Michael McCallum’s first competition festival film entry ‘Foreword’ garnering praise

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Michael McCallum has been honing his skills since he started his filmmaking company Rebel Pictures in 1999.  Since then,  he has garnered numerous awards for his twenty films.   Winning 117 major awards, receiving 91 nominations and having  played in 223 film festivals nationally and internationally,  he thought he would test his skills and enter his first competitive film challenge.

Although his filmmaking team did not win,  they were recognized for the creative use of a prop.   Since then,  his film has been entered, been accepted and has won a number of different awards internationally.

Michael permitted me this interview on his experience in this competitive film challenge.

You recently competed in a film challenge in which you completed a short film in 48 hours. Tell us about this experience.


I made my first competition festival film, “Foreword,” this past July. I have acted for many years in other filmmaker’s competition films (Project Twenty1, Capital City Film Festival’s Fortnight Film and other 48/5’s) and had some recent experiences at the beginning of this year that really made me want to take a stab at directing/producing one of my own. Foreword, was that result for the 48 Hour Film Project: Detroit.

Is this the first such film challenge in which you have competed? In how many others have you competed?


This was my first, but I have acted in many others, that were noticed for the acting in particular, and even helped produce a few, that had a lot of success.



Of the film challenges through out the state, how did you choose to participate in this one? 


It came down to two things: time and recognition. The 48 Hour Film Project: Detroit was happening at a time that would work with my schedule and the schedules of a small talented team that I assembled and it was also one that is nationally recognized. It goes from major city to major city. There were 51 teams competing in the one I did in July. Most have a 1/3 of that amount of teams involved.

Was there an entry fee for this challenge? What was the grand prize for the winner? 

There was. I didn’t sign up for this challenge because it was cheap. It was $198 at the late deadline of signing up and I had someone who was supposed to help Produce the film with me that backed out because of personal reasons at the last second. That, for an independent filmmaker is a chunk of change. But, as they say “the show must go on”.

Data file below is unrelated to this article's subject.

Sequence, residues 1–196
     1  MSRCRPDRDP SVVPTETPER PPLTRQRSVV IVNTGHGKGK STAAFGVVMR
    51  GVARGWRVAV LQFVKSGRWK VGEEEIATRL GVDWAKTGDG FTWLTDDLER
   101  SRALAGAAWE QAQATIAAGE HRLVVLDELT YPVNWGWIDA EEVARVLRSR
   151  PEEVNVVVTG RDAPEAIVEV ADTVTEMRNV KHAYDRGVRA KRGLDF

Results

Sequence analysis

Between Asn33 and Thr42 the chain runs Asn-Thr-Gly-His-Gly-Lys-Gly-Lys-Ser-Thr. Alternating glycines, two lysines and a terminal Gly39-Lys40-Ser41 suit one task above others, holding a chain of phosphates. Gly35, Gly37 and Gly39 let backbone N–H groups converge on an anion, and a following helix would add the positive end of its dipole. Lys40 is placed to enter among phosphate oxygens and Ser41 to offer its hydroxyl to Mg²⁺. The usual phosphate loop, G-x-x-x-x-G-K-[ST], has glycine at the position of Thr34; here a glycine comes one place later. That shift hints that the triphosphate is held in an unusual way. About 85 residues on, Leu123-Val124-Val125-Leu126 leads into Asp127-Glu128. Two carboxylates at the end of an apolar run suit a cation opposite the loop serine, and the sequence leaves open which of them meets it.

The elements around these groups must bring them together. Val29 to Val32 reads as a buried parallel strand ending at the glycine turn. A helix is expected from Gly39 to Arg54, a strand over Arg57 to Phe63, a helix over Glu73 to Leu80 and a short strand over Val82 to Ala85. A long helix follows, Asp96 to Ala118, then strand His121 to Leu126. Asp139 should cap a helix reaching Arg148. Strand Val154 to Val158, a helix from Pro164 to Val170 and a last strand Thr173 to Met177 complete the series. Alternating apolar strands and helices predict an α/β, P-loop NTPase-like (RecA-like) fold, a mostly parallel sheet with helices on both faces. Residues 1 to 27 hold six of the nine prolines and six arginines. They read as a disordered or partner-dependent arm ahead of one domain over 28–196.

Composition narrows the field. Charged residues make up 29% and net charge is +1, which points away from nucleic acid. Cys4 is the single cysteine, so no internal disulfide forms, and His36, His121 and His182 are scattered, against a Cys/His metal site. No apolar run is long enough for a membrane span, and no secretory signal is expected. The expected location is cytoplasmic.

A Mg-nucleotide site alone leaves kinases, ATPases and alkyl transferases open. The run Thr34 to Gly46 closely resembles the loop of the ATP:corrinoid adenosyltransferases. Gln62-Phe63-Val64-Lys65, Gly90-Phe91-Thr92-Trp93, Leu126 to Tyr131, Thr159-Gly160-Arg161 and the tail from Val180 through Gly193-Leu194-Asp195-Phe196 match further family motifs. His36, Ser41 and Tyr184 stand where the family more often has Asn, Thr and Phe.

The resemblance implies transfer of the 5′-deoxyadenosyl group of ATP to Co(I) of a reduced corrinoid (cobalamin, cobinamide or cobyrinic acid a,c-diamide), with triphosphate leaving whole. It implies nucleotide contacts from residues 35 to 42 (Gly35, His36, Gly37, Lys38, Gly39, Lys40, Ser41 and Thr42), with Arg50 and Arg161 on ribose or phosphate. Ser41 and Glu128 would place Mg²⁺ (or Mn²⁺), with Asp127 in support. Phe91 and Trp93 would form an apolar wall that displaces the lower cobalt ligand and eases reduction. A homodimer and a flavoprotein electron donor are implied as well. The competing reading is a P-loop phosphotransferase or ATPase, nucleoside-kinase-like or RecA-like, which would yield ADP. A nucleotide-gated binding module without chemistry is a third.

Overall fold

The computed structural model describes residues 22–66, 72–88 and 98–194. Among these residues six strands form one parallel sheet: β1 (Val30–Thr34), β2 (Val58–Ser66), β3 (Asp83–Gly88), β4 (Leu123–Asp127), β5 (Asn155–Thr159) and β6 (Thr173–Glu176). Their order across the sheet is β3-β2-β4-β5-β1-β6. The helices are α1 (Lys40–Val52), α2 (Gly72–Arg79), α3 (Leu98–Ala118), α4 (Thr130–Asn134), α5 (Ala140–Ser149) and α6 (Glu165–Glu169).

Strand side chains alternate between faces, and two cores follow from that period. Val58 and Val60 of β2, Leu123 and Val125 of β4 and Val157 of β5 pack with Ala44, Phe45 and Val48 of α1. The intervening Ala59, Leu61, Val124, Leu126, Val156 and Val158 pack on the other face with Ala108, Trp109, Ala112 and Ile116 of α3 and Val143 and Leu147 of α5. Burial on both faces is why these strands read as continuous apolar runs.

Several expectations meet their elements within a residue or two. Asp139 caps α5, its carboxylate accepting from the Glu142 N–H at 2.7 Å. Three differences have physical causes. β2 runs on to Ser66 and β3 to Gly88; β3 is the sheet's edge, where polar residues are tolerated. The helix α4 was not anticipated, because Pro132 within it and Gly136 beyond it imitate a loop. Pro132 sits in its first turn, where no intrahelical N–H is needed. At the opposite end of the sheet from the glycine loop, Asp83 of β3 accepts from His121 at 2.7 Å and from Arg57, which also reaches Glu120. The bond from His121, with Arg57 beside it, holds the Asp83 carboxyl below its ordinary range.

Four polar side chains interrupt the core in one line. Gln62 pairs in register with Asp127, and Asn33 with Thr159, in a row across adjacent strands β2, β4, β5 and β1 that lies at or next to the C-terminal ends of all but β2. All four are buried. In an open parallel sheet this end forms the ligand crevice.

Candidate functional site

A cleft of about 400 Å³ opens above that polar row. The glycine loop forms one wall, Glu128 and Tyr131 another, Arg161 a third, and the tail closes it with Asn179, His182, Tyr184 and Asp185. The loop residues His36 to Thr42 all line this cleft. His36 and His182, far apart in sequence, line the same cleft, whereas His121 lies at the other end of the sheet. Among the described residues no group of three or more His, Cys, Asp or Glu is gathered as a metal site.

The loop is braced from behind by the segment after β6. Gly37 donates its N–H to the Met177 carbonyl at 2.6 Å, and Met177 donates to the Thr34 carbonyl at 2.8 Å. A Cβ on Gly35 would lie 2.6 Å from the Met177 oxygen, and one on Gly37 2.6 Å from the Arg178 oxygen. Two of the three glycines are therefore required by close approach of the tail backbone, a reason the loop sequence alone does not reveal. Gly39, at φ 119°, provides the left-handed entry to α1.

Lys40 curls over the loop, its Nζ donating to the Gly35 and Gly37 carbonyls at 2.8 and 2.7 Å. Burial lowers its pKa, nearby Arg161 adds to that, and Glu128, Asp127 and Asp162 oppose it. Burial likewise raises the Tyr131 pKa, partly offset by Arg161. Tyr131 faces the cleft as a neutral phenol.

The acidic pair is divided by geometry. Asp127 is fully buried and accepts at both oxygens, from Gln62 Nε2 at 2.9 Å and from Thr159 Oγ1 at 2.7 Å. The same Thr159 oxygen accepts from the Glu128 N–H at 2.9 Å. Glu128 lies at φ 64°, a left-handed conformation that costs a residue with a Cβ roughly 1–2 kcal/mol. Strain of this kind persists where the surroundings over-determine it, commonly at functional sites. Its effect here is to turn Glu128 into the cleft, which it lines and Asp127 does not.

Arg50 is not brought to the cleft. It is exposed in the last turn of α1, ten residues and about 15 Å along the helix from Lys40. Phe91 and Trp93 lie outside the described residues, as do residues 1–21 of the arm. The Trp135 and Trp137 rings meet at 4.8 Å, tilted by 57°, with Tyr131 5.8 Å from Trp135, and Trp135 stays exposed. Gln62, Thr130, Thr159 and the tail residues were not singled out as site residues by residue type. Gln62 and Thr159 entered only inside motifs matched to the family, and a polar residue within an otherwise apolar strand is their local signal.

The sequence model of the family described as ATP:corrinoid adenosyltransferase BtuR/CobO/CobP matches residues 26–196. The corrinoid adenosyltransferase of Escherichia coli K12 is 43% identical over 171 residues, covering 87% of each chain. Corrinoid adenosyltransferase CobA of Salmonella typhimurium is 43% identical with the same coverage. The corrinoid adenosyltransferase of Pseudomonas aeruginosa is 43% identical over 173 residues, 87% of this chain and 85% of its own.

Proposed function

There were awards for different categories and 1st, 2nd, 3rd Place winners as well as an Audience Award. The big prize was that the overall winner would be played at the Cannes Film Festival. We didn’t take that prize, but were awarded Bes5 Use of Prop and more importantly we made a film that I’m extremely proud of. We also had a great time making the film, which doesn’t always happen under these circumstances of a competition.


Were you accompanied to this challenge by a cast and crew of friends? Who was part of this group? Which actors appear in your film? Who did the cinematography? Was there a score written for this short and who wrote the score?

I hand selected a small talented group for this project. I knew before we even signed up that an agile bunch were needed. This was going to be a project truly fighting the clock from the get-go and they had to be not only great at what they do, but also understand the time crunch element.

Crew wise I asked Scott Baisden to shoot and edit the film with me. He is extremely talented and proficient and we work really well together. Anne Cope is a fabulous make-up artist as well and someone I’ve been privileged to work with in the past. Daniel Hogan is a naturally gifted actor and someone I’ve wanted to work more with. Kristian Bringedahl is a young, hungry sound recordist that only gets better each time we work together. Angela DeGarmo has been my Production Supervisor on a few recent projects and I needed her organizational skills as well as her acting ability on this.
I also had my Father, William C. McCallum, as a Producer and my usual rock through a shoot. He wasn’t able to be there for the actual shoot, but his support is always there.
I asked a small group of actors as potential players, depending on what the story ended up being. Rachel Mender was one of those actors and the story fit for her to lend her talents in front of the camera for me again. (We worked previously on another Rebel a pictures’ film, Deadbolt, which is in post production.)
The music was created by a talented composer/musician/DJ friend, John Beltran. I knew John’s music would fit and he sent over some songs for me to listen to once post had started. Again, one of those creative folks that I’ve wanted to collaborate with for some time. This project allowed for many of these things to finally happen.